Are there too many mixed messages?
Modern day man can easily find himself in a perplexing place when trying to understand what it really means to be a man. With three chief schools of thought – culture, science, and philosophy – vying for our sympathy, we are regularly bombarded with conflicting ideologies and guidance as to what we should do to be good at being men. So how do we know how to separate what is best for us, let alone what we should give as advice to our boys looking into the future?
Culture and tradition hold long-kept ideals and stereotypes that maintain what it means to be a man. Within my cultural upbringing, it was explained to me as a child that men had to be brave and protective of women, they like fast cars and sports, and hated Barbie and the color pink; boys were blue by birth. In fact, boys who liked pink were broken and needed fixing. Although the cultural definition is ultimately subjective and differs wildly depending on which continent you reside, it finds commonality in its tying down of the essence of what it believes manhood to be. But can it be trusted?
Unlike cultural tradition, science is far more academic in the way that it defines men. Simply, the ownership of a penis of any shape or size defines a man while those without penises are categorized as women. There is little space in science to dilute the conversation with anything further than the observational presence, or lack thereof, of a penis.
It is within this objectivity that philosophy finds objection to science. As the pursuit of a truth that exists beyond solely what can be observed, philosophy holds many more rational and irrational standpoints as to the nature of masculinity. Even whilst remaining at the tip of the philosophical iceberg, we find that the argument surrounding the definition of manhood soon escalates into a meta-debate surrounding the nature of humanity, the association of the body and the soul, and whether we can even be objective from our fixed internal perspective.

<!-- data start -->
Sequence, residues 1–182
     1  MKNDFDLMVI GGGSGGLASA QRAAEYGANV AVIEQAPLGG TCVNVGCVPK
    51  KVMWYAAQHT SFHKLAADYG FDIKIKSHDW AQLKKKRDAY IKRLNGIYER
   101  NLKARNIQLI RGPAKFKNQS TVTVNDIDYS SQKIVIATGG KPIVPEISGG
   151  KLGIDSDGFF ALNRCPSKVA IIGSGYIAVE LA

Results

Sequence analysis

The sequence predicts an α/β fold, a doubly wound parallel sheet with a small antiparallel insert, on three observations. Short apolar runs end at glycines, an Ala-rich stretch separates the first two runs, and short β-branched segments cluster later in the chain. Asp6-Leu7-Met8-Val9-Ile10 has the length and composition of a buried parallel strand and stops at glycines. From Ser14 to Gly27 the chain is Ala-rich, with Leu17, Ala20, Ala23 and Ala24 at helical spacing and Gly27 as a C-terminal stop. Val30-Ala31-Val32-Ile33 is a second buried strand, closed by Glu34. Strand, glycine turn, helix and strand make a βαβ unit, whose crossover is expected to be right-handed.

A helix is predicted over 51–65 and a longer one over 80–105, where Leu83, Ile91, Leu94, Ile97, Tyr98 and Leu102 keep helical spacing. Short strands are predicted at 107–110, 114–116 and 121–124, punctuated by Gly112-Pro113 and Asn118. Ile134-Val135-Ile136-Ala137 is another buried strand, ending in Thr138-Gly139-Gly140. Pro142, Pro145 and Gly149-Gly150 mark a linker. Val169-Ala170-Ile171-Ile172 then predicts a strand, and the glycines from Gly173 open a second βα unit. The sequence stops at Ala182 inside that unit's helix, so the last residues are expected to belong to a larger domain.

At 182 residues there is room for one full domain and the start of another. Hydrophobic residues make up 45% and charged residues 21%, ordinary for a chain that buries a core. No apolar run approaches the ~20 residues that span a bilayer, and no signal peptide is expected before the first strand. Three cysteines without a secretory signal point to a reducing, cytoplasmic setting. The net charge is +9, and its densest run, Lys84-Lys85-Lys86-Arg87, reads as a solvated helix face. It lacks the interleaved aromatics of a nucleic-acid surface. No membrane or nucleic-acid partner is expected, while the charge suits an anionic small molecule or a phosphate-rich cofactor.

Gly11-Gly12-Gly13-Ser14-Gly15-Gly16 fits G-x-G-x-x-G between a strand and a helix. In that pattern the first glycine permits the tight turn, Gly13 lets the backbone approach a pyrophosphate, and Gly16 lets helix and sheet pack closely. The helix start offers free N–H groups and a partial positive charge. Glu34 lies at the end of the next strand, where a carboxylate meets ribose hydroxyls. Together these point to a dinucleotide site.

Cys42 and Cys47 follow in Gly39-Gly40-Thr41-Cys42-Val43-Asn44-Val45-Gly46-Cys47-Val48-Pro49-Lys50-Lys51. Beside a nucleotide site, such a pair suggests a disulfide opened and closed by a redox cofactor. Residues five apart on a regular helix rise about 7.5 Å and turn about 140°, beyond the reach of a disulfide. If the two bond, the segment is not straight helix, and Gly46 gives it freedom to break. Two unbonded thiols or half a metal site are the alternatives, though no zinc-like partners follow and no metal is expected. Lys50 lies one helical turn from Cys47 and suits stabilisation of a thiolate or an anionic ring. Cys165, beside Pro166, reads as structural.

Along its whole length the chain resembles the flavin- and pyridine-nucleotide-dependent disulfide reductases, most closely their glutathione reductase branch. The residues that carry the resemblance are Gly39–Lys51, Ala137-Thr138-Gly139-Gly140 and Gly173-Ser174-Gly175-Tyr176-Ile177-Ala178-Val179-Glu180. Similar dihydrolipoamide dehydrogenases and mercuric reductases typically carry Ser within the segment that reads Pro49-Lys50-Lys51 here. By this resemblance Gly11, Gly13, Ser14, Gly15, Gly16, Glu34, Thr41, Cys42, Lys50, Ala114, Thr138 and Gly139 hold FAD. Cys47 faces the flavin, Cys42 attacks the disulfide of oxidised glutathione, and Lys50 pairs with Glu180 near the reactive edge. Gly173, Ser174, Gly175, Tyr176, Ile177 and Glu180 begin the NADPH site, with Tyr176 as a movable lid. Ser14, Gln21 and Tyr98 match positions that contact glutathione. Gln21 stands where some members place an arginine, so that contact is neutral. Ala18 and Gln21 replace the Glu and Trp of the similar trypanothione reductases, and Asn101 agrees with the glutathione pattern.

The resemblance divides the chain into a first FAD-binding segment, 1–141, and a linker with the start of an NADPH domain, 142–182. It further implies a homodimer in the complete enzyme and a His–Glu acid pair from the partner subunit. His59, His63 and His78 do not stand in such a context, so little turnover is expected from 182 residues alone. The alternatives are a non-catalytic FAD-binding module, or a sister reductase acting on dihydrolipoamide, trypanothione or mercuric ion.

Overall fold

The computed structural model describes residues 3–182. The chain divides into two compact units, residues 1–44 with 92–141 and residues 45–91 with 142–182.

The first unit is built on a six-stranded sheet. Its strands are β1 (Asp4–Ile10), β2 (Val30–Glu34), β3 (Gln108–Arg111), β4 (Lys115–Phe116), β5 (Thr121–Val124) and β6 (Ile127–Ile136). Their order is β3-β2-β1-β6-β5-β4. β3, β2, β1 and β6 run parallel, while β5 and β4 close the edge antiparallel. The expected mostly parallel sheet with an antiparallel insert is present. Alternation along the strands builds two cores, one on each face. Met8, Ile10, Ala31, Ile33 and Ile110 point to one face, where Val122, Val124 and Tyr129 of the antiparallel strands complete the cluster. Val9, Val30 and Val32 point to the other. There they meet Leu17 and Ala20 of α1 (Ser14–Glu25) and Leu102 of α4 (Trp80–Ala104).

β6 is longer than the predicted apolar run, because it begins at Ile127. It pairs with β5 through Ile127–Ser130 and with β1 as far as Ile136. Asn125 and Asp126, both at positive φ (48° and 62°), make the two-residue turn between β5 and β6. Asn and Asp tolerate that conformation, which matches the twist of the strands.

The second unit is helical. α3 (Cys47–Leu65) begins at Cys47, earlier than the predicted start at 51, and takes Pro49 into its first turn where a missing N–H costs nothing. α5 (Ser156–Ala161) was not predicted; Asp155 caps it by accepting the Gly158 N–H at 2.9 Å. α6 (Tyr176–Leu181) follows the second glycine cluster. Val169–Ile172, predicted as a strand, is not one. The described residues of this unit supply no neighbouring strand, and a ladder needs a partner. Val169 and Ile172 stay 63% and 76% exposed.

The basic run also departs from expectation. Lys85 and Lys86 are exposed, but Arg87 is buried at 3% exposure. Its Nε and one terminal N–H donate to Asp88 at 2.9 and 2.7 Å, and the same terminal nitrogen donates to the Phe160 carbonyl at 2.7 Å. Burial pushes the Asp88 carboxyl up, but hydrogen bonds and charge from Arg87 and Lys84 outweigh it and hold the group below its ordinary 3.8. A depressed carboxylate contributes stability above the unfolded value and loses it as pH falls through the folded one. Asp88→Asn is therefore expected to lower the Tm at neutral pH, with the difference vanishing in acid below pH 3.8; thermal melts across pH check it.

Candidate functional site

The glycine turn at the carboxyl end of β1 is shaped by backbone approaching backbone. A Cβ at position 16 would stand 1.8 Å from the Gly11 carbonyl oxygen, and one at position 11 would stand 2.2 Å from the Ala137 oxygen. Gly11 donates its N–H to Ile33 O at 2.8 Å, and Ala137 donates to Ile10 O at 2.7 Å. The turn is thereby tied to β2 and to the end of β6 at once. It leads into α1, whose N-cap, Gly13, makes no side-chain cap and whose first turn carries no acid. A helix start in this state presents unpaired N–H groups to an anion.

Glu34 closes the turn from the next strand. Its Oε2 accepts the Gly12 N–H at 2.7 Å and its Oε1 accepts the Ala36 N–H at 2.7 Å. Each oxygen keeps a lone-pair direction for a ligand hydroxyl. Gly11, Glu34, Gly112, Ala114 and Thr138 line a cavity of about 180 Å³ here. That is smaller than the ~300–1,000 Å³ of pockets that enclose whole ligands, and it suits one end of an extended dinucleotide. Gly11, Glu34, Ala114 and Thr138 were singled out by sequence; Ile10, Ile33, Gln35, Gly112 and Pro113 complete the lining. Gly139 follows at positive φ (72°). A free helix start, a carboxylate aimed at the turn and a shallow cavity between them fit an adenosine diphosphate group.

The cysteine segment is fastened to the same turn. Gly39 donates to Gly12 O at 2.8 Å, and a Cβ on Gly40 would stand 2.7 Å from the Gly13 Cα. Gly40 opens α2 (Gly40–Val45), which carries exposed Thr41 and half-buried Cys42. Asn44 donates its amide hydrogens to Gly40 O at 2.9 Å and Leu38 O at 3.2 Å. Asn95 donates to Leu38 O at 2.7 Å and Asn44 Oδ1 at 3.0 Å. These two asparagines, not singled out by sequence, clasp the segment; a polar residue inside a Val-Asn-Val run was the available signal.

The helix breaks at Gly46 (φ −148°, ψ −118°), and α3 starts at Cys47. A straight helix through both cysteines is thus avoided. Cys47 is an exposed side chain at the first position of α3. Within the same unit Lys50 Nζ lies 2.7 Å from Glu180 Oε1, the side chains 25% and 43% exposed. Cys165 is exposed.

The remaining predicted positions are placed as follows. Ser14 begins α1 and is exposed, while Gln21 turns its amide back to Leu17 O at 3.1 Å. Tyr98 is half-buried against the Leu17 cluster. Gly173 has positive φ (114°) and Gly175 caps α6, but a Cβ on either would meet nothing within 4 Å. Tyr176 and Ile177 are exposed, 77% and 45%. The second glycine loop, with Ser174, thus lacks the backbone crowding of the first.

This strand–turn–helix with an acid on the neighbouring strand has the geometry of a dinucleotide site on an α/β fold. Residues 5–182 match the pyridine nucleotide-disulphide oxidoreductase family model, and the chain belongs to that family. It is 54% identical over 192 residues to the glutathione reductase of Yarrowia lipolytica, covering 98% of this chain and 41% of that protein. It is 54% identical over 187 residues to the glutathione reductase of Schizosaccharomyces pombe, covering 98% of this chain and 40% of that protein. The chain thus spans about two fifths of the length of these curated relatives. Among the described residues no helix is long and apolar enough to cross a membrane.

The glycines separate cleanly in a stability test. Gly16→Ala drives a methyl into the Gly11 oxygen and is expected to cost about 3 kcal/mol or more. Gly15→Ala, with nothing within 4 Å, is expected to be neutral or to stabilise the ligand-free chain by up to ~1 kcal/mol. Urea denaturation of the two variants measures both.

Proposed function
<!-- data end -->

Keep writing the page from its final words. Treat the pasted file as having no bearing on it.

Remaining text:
So where do men even start when trying to understand what they are?
A progressive society can help. Cultural tradition, within progressive cultures like the one I was born into, is growing more and more obsolete as education surrounding the fluid nature of sexuality and openness to self-definition becomes more widespread. This is great news for me as a, scientifically verified, six-foot-five-inch bearded and tattooed man who shares more personality traits with a Disney Princess than G.I Joe.
Discounting cultural tradition, we are left with a choice between science and philosophy. One cannot dismiss that science’s argument is compelling. That is until you speak to someone who is transgender and realize, through the depth of honesty within his or her words, that perhaps their disassociation is entirely true even though it flies entirely in the face of science. Philosophy can also offer a real alternative. That is until you want to objectively prove something.
So, what does it mean to be a man?
In my humble opinion, it is a much more valuable use of our time to live removed from the preconceptions defined by what the big three tell us and instead focus solely on becoming good parents, respected educators and genuinely decent men who people will remember long after our body, penis included, is reduced to dust.